Transforming Used Soap into Hope

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End product of Soap-recycling demonstration

With hopes to give more to the community, DoubleTree by Hilton Hotel Johor Bahru had collaborated with Kechara Soup Kitchen Johor Bahru and Diversey in its latest sustainability programme, Soap for Hope.

Making its debut in Johor and marking the first of its kind to commence with a Hilton hotel in Malaysia, Soap for Hope, is a livelihood programme innovated by Diversey that aims to help the local, through its soap-recycling concept, with three core objectives – saving lives by enabling hygiene through providing access to soap to communities who needs it but have no access; providing livelihood to local community through recycling and reprocessing soap; and helping hotels reduce waste by turning used soap into something of value.

In a soap-recycling demonstration conducted at Kechara Soup Kitchen Johor Bahru headquarters, General Manager of DoubleTree by Hilton Johor Bahru, Daniel Alcaraz expressed his gratitude in being able to contribute to such programmes.

“It is truly an honour to be the first Hilton hotel in Malaysia to champion a campaign that is part of Hilton’s commitment to repurposing used goods for the community’s needs that helps to give back to the society,” said Daniel.

To date, the Hotel has managed to recycle about 24,000 kg of soaps that amounts to approximately 191,000 new soap bars while over 437,000 kg of soaps has been recycled in Hilton Asia Pacific alone.

Representatives of DoubleTree by Hilton JB, Kechara, Diversey and participants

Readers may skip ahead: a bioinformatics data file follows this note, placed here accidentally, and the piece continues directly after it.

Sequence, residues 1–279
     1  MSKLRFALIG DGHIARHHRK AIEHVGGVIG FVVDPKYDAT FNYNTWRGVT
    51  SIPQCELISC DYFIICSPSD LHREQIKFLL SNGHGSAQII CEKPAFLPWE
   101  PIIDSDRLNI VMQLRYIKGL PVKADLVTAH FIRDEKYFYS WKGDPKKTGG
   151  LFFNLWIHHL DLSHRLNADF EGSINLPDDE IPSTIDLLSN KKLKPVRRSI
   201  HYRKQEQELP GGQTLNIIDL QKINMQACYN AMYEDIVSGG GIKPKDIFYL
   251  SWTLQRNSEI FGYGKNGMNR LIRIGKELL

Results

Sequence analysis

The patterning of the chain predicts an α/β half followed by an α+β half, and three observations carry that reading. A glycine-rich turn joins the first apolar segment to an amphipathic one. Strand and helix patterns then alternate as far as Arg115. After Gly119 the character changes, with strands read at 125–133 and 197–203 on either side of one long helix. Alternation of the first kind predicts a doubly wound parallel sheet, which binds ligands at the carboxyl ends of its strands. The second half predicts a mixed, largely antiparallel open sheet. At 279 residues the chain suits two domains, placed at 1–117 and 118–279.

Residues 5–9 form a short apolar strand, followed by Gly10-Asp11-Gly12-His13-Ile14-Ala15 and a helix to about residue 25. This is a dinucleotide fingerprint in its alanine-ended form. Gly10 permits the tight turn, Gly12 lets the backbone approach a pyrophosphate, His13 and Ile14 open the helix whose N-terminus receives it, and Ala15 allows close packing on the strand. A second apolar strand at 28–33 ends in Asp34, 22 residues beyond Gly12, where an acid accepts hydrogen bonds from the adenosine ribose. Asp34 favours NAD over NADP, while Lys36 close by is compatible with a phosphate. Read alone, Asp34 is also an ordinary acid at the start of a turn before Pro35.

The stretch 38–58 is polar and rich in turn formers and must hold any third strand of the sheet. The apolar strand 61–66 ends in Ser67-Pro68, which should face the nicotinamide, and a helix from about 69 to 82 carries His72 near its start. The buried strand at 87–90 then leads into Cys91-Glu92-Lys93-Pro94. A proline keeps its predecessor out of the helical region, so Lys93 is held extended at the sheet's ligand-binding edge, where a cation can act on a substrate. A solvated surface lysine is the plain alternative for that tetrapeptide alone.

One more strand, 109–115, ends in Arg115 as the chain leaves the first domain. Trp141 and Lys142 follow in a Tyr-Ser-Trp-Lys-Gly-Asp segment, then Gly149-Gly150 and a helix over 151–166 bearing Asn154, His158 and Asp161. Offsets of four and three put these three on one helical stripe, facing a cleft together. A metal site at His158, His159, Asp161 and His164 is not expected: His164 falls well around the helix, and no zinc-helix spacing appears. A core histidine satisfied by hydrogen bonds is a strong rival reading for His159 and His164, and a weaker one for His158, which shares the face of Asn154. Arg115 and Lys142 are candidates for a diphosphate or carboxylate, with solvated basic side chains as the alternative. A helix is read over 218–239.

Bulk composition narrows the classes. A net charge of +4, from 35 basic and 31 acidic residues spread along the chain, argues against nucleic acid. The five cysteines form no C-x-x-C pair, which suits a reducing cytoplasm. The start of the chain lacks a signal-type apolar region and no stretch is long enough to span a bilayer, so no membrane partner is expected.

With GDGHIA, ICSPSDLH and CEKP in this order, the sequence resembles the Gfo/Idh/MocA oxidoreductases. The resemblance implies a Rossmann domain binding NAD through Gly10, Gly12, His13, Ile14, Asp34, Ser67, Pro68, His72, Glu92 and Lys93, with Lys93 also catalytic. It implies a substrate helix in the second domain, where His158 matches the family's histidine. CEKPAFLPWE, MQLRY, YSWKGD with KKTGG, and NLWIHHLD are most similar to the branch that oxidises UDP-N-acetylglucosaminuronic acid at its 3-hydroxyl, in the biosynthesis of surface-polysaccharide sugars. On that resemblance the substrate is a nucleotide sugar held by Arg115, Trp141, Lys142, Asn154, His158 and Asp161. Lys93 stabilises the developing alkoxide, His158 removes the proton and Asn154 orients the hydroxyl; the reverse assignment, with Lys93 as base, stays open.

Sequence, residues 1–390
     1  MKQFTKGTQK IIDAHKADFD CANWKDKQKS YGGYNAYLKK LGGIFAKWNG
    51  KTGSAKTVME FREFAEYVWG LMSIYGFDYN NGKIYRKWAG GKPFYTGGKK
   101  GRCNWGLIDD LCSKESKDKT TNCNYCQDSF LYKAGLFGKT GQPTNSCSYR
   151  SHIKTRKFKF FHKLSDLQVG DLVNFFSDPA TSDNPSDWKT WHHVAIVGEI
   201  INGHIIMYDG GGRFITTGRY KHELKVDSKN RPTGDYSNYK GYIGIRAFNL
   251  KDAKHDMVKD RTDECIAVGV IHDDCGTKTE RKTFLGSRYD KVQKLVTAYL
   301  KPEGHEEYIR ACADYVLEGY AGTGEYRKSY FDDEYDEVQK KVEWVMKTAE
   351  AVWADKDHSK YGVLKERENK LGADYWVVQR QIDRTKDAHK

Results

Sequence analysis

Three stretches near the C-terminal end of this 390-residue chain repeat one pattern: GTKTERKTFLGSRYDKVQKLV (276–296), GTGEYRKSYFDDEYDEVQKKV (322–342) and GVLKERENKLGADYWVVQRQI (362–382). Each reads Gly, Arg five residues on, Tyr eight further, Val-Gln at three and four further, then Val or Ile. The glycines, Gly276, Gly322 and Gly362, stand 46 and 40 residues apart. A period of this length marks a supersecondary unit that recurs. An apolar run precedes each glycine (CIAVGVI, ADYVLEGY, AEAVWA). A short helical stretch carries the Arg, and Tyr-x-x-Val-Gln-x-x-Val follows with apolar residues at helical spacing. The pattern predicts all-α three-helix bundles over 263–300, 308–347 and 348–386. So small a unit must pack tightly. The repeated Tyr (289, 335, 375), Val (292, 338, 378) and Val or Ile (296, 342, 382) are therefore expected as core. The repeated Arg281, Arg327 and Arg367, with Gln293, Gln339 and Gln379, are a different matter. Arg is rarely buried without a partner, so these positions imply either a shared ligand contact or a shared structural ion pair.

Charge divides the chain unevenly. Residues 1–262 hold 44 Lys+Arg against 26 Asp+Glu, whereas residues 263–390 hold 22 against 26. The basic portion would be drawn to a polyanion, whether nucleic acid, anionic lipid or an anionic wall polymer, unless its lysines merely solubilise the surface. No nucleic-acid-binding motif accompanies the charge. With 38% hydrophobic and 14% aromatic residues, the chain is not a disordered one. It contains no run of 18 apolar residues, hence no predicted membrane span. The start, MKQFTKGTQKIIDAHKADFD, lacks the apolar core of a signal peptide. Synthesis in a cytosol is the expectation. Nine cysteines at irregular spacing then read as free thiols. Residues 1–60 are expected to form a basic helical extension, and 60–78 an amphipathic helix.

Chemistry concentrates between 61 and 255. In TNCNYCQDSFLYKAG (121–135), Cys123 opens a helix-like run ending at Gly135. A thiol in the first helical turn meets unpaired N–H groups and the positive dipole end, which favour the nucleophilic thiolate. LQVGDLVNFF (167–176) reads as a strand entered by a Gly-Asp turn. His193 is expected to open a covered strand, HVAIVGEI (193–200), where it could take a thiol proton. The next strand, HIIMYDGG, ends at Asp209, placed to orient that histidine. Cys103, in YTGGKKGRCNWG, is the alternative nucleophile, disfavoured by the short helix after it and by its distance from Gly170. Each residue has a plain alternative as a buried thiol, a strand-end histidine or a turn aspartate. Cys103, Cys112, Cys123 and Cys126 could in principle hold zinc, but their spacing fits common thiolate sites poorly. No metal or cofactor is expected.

Besides that, Daniel also expressed the privilege in working together with Kechara Soup Kitchen in this programme as DoubleTree and Kechara has already established a long relationship where the Hotel has been providing food to Kechara Soup Kitchen for distribution to the poor.

Meanwhile, Kechara Johor head, Merlin Hoo, said this programme is a nice addition to their already existing sewing programme that involves over 10 housewives from all over the area.

She also commented, the organisation will later invite more homes needing assistance, especially with housewives and single mothers, to participate in the soap-recycling programme in hope to empower the underprivileged by creating another avenue for them to generate income.

“We will either distribute the finished soap to the homeless when we provide them with food or we will get companies to sponsor them for distribution instead of having them buy the soaps. The money will then be distributed to the participants,” said Merlin.

For now, Kechara has provided food to over 700 individuals a week that comes from the homeless and underprivileged living in People’s Housing Project units.

With that, let’s all ponder on the wise words of Diversey’s Sustainability and Corporate Social Responsibility Director Stefan Chang during his soap-recycling demonstration that; “What is of no value to you does not mean of no value to other people.”